Washington, D.C. – Cattle producers were pleased to learn that a bipartisan group of four Senators from major cattle-producing states sent a letter of concern to Agriculture Secretary Mike Johanns regarding the U.S. Department of Agriculture’s (USDA’s) proposed rule (Rule 2) that would permit live Canadian cattle born after March 1, 1999, to be imported into the United States.
USDA published this proposed rule in the Federal Register on Jan. 9. In particular, the rule deals with Canadian cattle over 30 months (OTM) of age. Public comments on the proposal are due March 12. Authors of the letter to USDA were: Sen. Mike Enzi, R-Wyo., Sen. Byron Dorgan, D-N.D., Sen. Jeff Bingaman, D-N.M., and Sen. John Thune, R-S.D.
“Increasing U.S. imports of Canadian cattle and beef at this time would have a significant negative impact on the economic well-being of American cattle producers and could seriously disrupt our efforts to expand U.S. beef exports overseas…Furthermore, expanding Canadian cattle imports increases the possibility that a future case of BSE in a Canadian animal may be found in the United States. Three of Canada’s nine BSE cases occurred in cattle born long after the March 1, 1999 date proposed in the rule…” the letter stated in part.
“R-CALF thanks these four Senators for recognizing this issue is critical to independent U.S. cattle producers, and we hope other members of Congress will follow their lead in urging USDA to withdraw this proposed rule at once,” said R-CALF USA President and Region VI Director Max Thornsberry, a veterinarian who also chairs the R-CALF USA Animal Health Committee.
Specifically, Thornsberry said, R-CALF USA requests USDA to rescind Rule 2 for the following reasons:
1) The U.S. should not give additional access to the U.S. market until the United States fully regains the share of global export markets it lost since the 2003 discovery of a BSE-positive Canadian cow that was imported into Washington state.
2) The U.S. should not further relax its already lenient import standards until it can be scientifically documented that BSE is no longer circulating in Canadian feed or OTM Canadian cattle and there is international acceptance for such a conclusion.
3) The U.S. should not allow the importation of OTM cattle or beef, which are known to be of higher risk for transmitting BSE, particularly now that the disease is known to have been circulating in animals born years after the Canadian feed ban was implemented in 1997.
4) The U.S. should not allow OTM cattle or beef from Canada until both the U.S. and Canada have significantly strengthened their respective feed bans, and sufficient time has lapsed to ascertain the effectiveness of any feed-ban improvements. Given the known breeches in Canada’s feed ban, Canada must significantly ramp up its BSE testing so that the effectiveness of its feed ban can be more accurately monitored.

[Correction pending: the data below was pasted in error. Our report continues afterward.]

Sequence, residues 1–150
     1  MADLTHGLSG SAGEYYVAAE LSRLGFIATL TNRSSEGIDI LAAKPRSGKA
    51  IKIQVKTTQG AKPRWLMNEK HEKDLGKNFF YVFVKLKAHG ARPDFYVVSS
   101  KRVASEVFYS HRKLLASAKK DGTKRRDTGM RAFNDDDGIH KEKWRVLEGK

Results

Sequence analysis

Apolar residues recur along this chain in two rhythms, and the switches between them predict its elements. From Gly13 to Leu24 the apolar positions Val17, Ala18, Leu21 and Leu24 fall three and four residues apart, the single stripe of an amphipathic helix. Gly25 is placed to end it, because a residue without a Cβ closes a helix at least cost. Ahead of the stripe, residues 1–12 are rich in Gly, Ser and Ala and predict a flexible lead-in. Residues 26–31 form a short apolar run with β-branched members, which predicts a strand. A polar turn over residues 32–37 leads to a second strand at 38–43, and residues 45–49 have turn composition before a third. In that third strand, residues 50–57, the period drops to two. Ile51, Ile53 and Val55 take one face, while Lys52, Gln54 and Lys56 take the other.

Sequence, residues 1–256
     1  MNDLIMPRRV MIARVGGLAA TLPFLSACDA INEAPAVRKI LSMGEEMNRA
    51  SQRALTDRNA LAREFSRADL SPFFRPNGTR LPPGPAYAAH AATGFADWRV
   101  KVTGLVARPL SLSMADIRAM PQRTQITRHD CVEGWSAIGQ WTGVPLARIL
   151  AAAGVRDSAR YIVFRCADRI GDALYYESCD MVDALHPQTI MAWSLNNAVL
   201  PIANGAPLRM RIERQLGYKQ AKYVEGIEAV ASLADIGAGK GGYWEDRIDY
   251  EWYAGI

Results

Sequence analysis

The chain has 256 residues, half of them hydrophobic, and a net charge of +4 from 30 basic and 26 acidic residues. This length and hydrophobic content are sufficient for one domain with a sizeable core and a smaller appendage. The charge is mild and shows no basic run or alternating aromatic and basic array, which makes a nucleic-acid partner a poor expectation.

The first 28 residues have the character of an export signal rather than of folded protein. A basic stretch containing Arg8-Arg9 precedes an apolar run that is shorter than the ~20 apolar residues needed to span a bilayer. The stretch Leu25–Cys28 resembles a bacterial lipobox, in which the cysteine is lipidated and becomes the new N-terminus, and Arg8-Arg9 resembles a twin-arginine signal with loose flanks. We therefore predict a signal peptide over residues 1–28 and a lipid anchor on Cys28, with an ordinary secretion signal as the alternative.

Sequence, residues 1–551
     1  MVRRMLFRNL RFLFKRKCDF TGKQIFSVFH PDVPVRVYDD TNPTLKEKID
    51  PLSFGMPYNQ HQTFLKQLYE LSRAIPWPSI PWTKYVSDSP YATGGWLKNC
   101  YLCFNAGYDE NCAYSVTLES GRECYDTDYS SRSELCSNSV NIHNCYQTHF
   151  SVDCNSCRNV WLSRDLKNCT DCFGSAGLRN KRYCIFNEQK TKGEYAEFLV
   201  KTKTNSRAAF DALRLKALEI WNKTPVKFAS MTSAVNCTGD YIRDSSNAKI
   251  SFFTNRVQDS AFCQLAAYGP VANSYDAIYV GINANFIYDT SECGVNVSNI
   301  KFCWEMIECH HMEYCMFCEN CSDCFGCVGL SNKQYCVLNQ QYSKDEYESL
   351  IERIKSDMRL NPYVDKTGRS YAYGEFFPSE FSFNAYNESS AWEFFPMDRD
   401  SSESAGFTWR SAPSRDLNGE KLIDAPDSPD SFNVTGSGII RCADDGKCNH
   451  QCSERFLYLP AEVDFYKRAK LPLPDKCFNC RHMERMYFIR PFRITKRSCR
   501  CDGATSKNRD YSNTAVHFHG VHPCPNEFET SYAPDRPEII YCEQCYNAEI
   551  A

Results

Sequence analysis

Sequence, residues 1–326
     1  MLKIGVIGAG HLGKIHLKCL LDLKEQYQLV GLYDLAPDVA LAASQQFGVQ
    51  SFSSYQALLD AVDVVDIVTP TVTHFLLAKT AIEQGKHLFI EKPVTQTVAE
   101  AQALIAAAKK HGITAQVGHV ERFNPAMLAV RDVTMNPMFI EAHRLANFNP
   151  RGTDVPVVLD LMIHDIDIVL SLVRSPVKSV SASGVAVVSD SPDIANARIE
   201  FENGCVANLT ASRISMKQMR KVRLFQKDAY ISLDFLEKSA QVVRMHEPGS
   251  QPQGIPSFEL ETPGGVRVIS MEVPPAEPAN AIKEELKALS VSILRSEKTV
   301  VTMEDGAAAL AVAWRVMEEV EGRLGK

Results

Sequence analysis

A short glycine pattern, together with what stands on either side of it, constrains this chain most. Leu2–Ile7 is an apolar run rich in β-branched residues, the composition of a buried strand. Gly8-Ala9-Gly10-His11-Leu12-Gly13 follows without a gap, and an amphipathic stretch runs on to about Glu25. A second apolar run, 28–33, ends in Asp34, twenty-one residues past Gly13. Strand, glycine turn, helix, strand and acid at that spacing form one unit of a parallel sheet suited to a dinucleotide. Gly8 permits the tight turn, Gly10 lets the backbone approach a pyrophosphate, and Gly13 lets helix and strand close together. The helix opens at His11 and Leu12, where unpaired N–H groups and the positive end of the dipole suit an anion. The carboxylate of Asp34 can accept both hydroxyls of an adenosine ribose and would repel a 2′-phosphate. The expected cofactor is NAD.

5) The U.S. should not allow OTM Canadian cattle or beef into the United States until the U.S. additionally obtains firm assurances from all U.S. beef export markets – and the World Organization for Animal Health (OIE) – that the United States’ BSE-risk profile would not be downgraded to Canada’s level if the Canadian OTM cattle and beef are allowed into the U.S. market and available for export.
6) The U.S. should not allow OTM Canadian cattle or beef into the United States until the U.S. additionally implements country-of-origin labeling (COOL) to mitigate the financial harm that will inevitably befall U.S. cattle producers, and that likely will be more severe than what USDA will predict.
Thornsberry said R-CALF USA members are encouraged to file comments in opposition to the proposed rule before the March 12 deadline. Submit comments by either of the following methods:
Federal eRulemaking Portal: Go to http://www.regulations.gov, select “Animal and Plant Health Inspection Service” from the agency drop-down menu, then click “Submit.” In the Docket ID column, select APHIS-2006-0041 to submit or view public comments and to view supporting and related materials available electronically. Information on using Regulations.gov, including
instructions for accessing documents, submitting comments, and viewing the docket after the close of the comment period, is available through the site’s “User Tips” link.
Postal Mail/Commercial Delivery: Please send four copies of your comment (an original and three copies) to Docket No. APHIS 2006-0041, Regulatory Analysis and Development, PPD, APHIS, Station 3A-03.8, 4700 River Road Unit 118, Riverdale, MD 20737-1238. Please state that your comment refers to Docket No. APHIS 2006-0041.
Note: To view a copy of the Senators’ letter, USDA’s proposed rule, as well as R-CALF USA’s position paper and talking points on the matter, please visit the “BSE-Litigation” link at www.r-calfusa.com.